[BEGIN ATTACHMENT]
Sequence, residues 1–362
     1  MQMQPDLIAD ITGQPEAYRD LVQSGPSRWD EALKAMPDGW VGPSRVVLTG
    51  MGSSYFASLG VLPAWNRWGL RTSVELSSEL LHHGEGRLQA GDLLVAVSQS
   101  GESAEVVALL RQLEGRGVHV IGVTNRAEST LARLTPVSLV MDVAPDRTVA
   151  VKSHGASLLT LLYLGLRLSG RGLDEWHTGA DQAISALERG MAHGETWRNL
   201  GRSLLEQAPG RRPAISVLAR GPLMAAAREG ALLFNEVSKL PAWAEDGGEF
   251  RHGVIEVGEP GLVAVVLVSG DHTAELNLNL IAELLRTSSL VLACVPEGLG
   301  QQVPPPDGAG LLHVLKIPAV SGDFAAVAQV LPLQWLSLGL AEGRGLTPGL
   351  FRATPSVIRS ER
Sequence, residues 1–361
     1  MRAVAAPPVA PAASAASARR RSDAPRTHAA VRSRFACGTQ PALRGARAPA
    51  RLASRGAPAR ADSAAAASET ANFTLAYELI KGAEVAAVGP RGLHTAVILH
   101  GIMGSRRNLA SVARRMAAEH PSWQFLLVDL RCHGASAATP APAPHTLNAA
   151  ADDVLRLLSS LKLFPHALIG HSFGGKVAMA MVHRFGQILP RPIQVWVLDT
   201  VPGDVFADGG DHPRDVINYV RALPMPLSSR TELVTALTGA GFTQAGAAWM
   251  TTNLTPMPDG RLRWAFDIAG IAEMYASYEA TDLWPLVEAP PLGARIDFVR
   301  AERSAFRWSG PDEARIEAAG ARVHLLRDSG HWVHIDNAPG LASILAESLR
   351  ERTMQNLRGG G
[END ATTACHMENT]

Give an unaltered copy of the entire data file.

Sequence, residues 1–362
     1  MQMQPDLIAD ITGQPEAYRD LVQSGPSRWD EALKAMPDGW VGPSRVVLTG
    51  MGSSYFASLG VLPAWNRWGL RTSVELSSEL LHHGEGRLQA GDLLVAVSQS
   101  GESAEVVALL RQLEGRGVHV IGVTNRAEST LARLTPVSLV MDVAPDRTVA
   151  VKSHGASLLT LLYLGLRLSG RGLDEWHTGA DQAISALERG MAHGETWRNL
   201  GRSLLEQAPG RRPAISVLAR GPLMAAAREG ALLFNEVSKL PAWAEDGGEF
   251  RHGVIEVGEP GLVAVVLVSG DHTAELNLNL IAELLRTSSL VLACVPEGLG
   301  QQVPPPDGAG LLHVLKIPAV SGDFAAVAQV LPLQWLSLGL AEGRGLTPGL
   351  FRATPSVIRS ER
Sequence, residues 1–361
     1  MRAVAAPPVA PAASAASARR RSDAPRTHAA VRSRFACGTQ PALRGARAPA
    51  RLASRGAPAR ADSAAAASET ANFTLAYELI KGAEVAAVGP RGLHTAVILH
   101  GIMGSRRNLA SVARRMAAEH PSWQFLLVDL RCHGASAATP APAPHTLNAA
   151  ADDVLRLLSS LKLFPHALIG HSFGGKVAMA MVHRFGQILP RPIQVWVLDT
   201  VPGDVFADGG DHPRDVINYV RALPMPLSSR TELVTALTGA GFTQAGAAWM
   251  TTNLTPMPDG RLRWAFDIAG IAEMYASYEA TDLWPLVEAP PLGARIDFVR
   301  AERSAFRWSG PDEARIEAAG ARVHLLRDSG HWVHIDNAPG LASILAESLR
   351  ERTMQNLRGG G